It might be a 1978 creation, but in its authentic reboot, the Sequential Prophet-5 still has sonic territory to discover. We turn to our friend Chris Stack of ExperimentalSynth to take us to those outer worlds.

That Prophet-5 has already been a hot item in the second half of 2020 – not only with people who know the instrument’s history, but people finding it anew. The Sequential approach – put the best of all revisions in this model, add the new Dave Rossum filters, turn to authentic components, and make an accurate but modern instrument – seems timely, even in the age of clones. So here we are, the 2020 “rev4.”

Now, Chris has a head start on all of us, because he’s been beta-testing the instrument. And he’s the sort of synthesist we count on to illustrate how to expand possibilities.

So, let’s check in on those experiments…

First up – yes, of course, you can use control voltage with the Prophet-5. But since this instrument comes from “father of MIDI” Dave Smith, it seems fitting that Chris also puts Ableton Live and MIDI into play:

Here, I was experimenting with controlling two parameters via MIDI CC (OSC A Freq & OSC B PW). In my regular sound design I usually do this type of thing via CV, but connected to Ableton via USB MIDI this was a lot of fun and very powerful.

And then there’s this beautiful, plucked-note invention, which Chris says is thanks to using Ableton Live to allow hands-free manipulation. I really love this – it’s of course a vintage instrument, but this sounds thoroughly modern to me, not like a 70s throwback. I love those stuttering, irregularly-phrased rhythms; I could listen to this all day.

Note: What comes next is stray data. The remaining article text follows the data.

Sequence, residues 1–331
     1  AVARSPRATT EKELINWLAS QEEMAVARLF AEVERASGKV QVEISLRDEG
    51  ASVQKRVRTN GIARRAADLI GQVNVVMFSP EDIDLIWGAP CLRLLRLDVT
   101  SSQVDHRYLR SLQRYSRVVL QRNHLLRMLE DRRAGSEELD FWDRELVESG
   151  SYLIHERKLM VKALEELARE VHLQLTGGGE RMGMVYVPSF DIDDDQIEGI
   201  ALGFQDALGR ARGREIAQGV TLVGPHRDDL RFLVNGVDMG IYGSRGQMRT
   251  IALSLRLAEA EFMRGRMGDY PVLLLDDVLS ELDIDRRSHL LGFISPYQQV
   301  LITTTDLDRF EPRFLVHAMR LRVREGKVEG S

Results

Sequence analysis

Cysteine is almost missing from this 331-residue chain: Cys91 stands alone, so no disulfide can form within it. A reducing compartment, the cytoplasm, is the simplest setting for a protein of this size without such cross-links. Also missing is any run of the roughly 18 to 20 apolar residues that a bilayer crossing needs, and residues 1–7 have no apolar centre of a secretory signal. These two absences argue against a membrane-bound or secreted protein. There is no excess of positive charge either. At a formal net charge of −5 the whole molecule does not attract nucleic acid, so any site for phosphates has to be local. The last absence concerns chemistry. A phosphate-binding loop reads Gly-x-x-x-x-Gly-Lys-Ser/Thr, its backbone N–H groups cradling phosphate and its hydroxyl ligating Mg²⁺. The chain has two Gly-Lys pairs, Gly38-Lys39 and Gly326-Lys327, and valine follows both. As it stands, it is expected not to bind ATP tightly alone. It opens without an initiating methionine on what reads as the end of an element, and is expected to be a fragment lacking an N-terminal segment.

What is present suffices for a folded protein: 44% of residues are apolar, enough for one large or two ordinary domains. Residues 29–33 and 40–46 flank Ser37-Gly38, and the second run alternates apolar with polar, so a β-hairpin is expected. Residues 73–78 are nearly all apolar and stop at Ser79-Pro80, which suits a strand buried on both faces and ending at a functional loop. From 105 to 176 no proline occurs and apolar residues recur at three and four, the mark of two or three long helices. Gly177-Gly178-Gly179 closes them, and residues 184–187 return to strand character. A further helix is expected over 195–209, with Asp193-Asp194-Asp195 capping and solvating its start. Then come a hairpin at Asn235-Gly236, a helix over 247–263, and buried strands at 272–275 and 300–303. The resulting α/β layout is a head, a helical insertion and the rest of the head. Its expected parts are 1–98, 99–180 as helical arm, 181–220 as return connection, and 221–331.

And it should give you some beautiful sense of calm…

He made an extended version, a bit brighter as some of those timbres open up (though still in this gentle minor mode world):

Oh yeah – another advantage of saving computer sets, the ability to call up the same pattern. So with some added conversations, Chris went back and added filter modulation for a pulsing, futuristic take on the same musical materials – plus friends from Moog and Arturia joining in the jam:

I used the Pedal Filter Input as a CV in and modulated the filter with a CV from a Pro 3. The Pro 3 CV was from one of the Aux Envelopes which was triggered every time the sequencer played a note, giving the P5 filter a nice clock-synced rhythmic workout. I added a couple more sequenced instruments ([Minimoog] Voyager, [Arturia] MatrixBrute) to hear them all playing together, creating a great rhythmic environment.

Here’s a wonderfully fuzzy, detuned and wavering pad, with the addition of the Asheville Music Tools ADG-1 Analog Delay:

But if you need a bit further out in those sounds, here we are – as Chris and I had some back-and-forth chats while I looked into putting this story together:

Further explorations using the Prophet 5 Pedal Filter Input as a CV in and modulating its filter with a CV from a Pro 3. Here I’m sending a repeating step-sequenced voltage pattern to the P5 while the Pro 3 sequence plays in the background.

For more:

And definitely check out Chris’ site and YouTube channel: